An ancient castle in northwestern Iran to be restored

TEHRAN – Zahhak Castle in Hashtroud, East Azerbaijan province is set to undergo rehabilitation works, the provincial tourism chief has said.

Built around 2000 BC, Zahhak Castle is one of the lesser-known tourist attractions in the North West Province. It was used as a government building and later as a fire temple during the Parthian period (247 BC – 224 CE).

Reinforcing stone foundations, repairing walls and documenting excavated relics are part of the project, Ahmad Hamzehzadeh announced on Wednesday.

Due to the fact that Zahhak Castle is the only remaining Parthian period work in the northwest of the country, the restoration of this historic castle is still on the agenda of the Department of Cultural Heritage, Tourism and craftsmanship in the province, he noted.

Perched atop a hill near Hashtroud in northwestern Iran, the castle contains depictions of animals and symbols that show what life was like for royalty in ancient Iran. It includes a square-shaped brick hall built in the Parthian period. At that time, Zoroastrianism was the religion of the ruling kings, who probably used part of the castle for a fire temple.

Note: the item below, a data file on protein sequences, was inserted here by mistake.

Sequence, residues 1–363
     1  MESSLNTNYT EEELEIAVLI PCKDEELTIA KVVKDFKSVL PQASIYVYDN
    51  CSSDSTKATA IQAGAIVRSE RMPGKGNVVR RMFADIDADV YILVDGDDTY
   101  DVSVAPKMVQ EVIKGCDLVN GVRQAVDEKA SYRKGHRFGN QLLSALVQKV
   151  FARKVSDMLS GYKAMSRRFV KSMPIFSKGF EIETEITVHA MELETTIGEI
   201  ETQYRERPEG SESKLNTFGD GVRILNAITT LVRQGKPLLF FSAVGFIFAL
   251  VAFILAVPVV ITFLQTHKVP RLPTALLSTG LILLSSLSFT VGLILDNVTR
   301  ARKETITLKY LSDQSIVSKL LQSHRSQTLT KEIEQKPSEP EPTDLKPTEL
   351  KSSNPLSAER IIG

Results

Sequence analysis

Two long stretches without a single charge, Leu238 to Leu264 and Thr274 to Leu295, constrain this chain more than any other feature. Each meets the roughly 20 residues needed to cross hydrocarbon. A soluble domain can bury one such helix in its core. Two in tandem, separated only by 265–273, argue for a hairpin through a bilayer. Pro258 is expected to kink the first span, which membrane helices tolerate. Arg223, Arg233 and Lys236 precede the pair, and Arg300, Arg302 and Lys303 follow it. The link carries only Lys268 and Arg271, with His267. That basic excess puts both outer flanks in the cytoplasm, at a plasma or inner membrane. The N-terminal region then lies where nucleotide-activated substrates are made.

The castle is named after a Persian legend, Zahhak is the name of an Arab king who conquered and ruled ancient Iran. The story is told in the Shahnameh, or Book of Kings, written by Ferdowsi. Kawa is the hero of this particular story, who rescues his Kurdish people in Iran from Zahhak’s control.

Zahhak Castle also served as a military defense during the Parthian era given its position close to the Iranian border with other northwestern nations including Turkey and Armenia.

Steeped in history and culture for millennia, Tabriz, which is the capital of East Azerbaijan, includes several historical and religious sites, including the Jameh Mosque of Tabriz and the Arg of Tabriz, and the historical bazaar complex of Tabriz, a UNESCO World Heritage Site, to name a few.

The city became the capital of Mongol Il-Khan Mahmud Gazan (1295-1304) and his successor. Timur (Tamerlane), a Turkish conqueror, took it in 1392. A few decades later, the Kara Koyunlu Turkmen made it their capital when the famous Blue Mosque was built in Tabriz.

The city retained its administrative status under the Safavid dynasty until 1548 when Shah Tahmasp I moved his capital west to Qazvin. Over the next two centuries, Tabriz changed hands several times between Persia and the Ottoman Empire. During the First World War, the city was temporarily occupied by Turkish and then Soviet troops.

The ancient city was declared a World Craft City of Carpet Weaving by World Craft in 2016. It also held the title of Islamic Tourism Capital 2018.